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Small-business owners and side-gig hustlers are facing a major tax deadline.
Filers who pay estimated taxes every quarter, involving independent contractors and partners in business entities, owe their final payment of 2020 on Jan. 15.
Generally, the other deadlines for three-monthly taxpayers are April 15, June 15, and Sept. 15.
Last year was an extraordinary one from a tax-planning perspective, as the Bank Department and IRS delayed the due dates for first- and second-quarter estimated payments to July 15.
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Normally, employees don’t have to worry about quarterly payments. That’s because their heads typically withhold income taxes from their pay during the year.
Meanwhile, sole proprietors and other parsimonious businesses are responsible for paying their estimated self-employment taxes and income taxes four times a year.
“If you were gross income all year, the IRS will calculate what tax you should’ve owed quarter by quarter,” said Dina Pyron, broad TaxChat leader at Ernst & Young.
When you fall short on your payments by the deadline, underpayment penalties establish to accrue.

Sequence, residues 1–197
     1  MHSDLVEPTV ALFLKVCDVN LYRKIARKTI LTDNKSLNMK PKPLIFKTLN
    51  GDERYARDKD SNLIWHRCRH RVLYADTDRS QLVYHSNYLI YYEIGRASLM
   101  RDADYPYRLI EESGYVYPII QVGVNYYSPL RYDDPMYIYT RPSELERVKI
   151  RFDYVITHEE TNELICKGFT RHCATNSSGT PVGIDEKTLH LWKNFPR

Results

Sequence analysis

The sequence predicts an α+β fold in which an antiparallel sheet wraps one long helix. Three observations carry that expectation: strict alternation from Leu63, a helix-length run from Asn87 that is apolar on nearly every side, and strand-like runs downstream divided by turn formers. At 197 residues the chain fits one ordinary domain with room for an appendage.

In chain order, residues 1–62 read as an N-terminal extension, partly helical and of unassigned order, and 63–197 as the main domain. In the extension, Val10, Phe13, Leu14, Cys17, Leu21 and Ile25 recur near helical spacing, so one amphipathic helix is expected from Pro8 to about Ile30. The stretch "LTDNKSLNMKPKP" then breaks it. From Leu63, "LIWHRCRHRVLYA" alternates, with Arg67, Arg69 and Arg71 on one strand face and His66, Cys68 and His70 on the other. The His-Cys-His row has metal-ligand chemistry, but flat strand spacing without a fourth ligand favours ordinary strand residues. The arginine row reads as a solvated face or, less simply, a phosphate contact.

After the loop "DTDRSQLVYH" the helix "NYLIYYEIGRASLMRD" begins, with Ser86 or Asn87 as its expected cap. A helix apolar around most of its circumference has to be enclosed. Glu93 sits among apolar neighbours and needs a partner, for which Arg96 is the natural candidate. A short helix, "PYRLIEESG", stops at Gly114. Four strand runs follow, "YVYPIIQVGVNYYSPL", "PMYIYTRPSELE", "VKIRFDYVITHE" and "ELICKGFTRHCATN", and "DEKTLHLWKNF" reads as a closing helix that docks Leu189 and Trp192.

Make accurate payments, avoid penalties
Generally, in order to avoid an underpayment penalty, you’ll have to pay at least 90% of the tax for the popular year or 100% of the tax on your return for the prior year.
If your adjusted gross income on the previous year’s replacing exceeded $150,000, then you’ll need to pay 110% of the tax liability.
Those estimates can be thrown off by year-end surprises, including commissions and compensations, which can inflate your income.
Small-business owners and many other quarterly taxpayers faced an uphill contend in 2020, as they not only grappled with dwindling incomes but were still on the hook for those quarterly payments, as not unexpectedly.
Some entrepreneurs had to make difficult choices through 2020 in order to get by.
“If you have a business that’s drastically sham by Covid-19, and you’re a sole proprietor and you owe quarterly estimates, you might have to pick between paying the estimate or defer to the cash in the business,” said Dan Herron, CPA and principal of Elemental Wealth Advisors in San Luis Obispo, California.
“You’re on the hook for those three-monthly payments, but say your payment is $4,000,” he said. “What’s the opportunity cost of the $4,000, does it mean you stay in obligation another month? That’s the choice.”